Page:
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Garfagnana, the Apuan Alps - accommodation listings, plus useful information and tips:

Within just a few miles of Lucca and the Versilian coastal resorts can be found landscapes that are so far removed from the traditional image of Tuscany as to make them seem from another country. Sheer, soaring mountain peaks, lush alpine meadows, ski-runs, vast areas of semi-wilderness where wolves are still spotted, great fortresses of mediaeval castles, submerged villages and remote settlements where people live a life, hard and self-sufficient, that seems little changed this century.

The Garfagnana territory rises up from the valley of the river Serchio (Lucca's river). It 'starts' to the north-west of Lucca and rises up to Aulla (the train journey is very scenic). The valley is flanked to the east by the start of the Appennines and to the west by the spur of the Apuan Alps.

For a cool breeze at the height of summer, some breathtaking views of precipitous marble quarries or perhaps a full week's worth of trekking, the Garfagnana is well worth a visit.

Strictly speaking, the Garfagnana and the lower Serchio valley (the Media valle del Serchio) are two distinct areas, but it is far simpler to combine the two and to say that the Garfagnana starts a few kilometres north-west of Lucca, passing through Bagni di Lucca, past Barga and on up the valley to Aulla, the main town of the Lunigiana region.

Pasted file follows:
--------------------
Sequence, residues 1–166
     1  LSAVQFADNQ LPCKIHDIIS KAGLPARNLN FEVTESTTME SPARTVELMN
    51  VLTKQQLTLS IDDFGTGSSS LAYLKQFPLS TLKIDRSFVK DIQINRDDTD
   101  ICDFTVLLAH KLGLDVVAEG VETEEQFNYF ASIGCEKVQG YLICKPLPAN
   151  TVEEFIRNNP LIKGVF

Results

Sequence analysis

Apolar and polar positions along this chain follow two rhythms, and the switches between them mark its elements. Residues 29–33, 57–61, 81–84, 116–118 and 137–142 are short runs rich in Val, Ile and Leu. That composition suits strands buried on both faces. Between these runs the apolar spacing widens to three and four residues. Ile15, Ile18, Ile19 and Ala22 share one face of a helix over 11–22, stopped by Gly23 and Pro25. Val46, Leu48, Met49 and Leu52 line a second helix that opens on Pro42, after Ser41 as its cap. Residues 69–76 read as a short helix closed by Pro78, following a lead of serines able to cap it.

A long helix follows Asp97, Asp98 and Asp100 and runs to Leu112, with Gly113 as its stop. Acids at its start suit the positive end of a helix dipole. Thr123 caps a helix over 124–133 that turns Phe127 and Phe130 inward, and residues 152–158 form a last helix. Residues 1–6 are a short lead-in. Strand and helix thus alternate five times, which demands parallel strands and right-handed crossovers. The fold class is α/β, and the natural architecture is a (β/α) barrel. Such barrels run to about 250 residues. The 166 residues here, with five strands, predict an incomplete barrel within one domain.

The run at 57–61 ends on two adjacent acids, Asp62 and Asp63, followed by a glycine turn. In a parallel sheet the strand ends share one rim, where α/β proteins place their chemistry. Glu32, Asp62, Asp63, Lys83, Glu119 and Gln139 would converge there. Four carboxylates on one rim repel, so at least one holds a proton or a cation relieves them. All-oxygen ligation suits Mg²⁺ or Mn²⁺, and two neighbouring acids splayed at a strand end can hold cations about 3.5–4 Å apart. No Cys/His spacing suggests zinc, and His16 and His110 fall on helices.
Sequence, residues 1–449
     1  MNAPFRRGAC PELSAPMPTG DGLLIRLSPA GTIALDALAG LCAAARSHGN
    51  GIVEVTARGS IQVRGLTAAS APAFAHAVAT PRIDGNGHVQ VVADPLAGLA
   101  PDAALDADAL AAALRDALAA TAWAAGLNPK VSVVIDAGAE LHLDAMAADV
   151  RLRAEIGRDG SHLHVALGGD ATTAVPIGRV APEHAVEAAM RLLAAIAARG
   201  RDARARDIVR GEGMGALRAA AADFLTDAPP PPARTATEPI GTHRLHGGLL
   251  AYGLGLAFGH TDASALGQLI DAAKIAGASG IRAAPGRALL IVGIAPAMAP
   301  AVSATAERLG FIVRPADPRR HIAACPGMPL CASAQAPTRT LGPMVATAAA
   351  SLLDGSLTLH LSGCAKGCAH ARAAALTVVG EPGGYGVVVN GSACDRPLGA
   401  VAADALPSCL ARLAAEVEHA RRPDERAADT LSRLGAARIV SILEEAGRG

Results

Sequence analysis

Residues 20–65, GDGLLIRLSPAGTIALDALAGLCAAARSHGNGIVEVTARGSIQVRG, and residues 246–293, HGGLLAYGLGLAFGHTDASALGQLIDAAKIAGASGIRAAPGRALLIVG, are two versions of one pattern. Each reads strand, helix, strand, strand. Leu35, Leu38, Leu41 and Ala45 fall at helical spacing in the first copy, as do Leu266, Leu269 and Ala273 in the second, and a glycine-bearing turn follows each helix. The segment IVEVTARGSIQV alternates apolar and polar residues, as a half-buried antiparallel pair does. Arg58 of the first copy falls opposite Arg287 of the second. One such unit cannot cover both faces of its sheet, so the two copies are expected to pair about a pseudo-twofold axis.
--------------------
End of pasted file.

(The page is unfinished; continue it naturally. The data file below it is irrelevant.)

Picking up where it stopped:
Large parts of the Garfagnana are classified as regional Nature Reserves (the Parco della Orecchiella is well worth a visit), and the whole area is one of the finest in Italy for walkers and hikers. There are enormous and ancient chestnut forests, high alpine meadows that are blanketed with flowers in springtime, caves, spectacular ridges, cascading streams and countless hilltop villages that grow from the rocks about them.

some places and things to see:

Said to be the best cave system in Tuscany, the Grotta del Vento is located near the village of Fornovolasco - you'll find out why the caves are so called when they open the main door. Guided tours run from April to September and usually last for one, two or three hours. At other times of the year the caves are open only on Sundays and public holidays. Be sure to take some warm clothing for the tours, whatever the time of year. The caves really are quite spectacular, but we wouldn't recommend the longer tours for the very young or old - the route can be quite demanding in places.

You can't see as much of the Ponte della Maddelena (or Ponte del Diavolo (Devil's bridge)) as you used to be able to, due to the dam downstream, but this narrow five arched bridge of the fourteenth century is nevertheless very impressive. Sitting on now submerged islets, there are five asymmetrical arches, the largest of which spans 37 metres. The bridge was said to have been built in one night by Old Nick himself, in exchange for the soul of the first person to cross it the next day. The locals sent a dog (or pig - take your pick) over instead, and the Devil, still falling for this one, bent the bridge into the wonderful shape it is today. The bridge is to be found a small way upstream from the village of Borgo a Mozzano.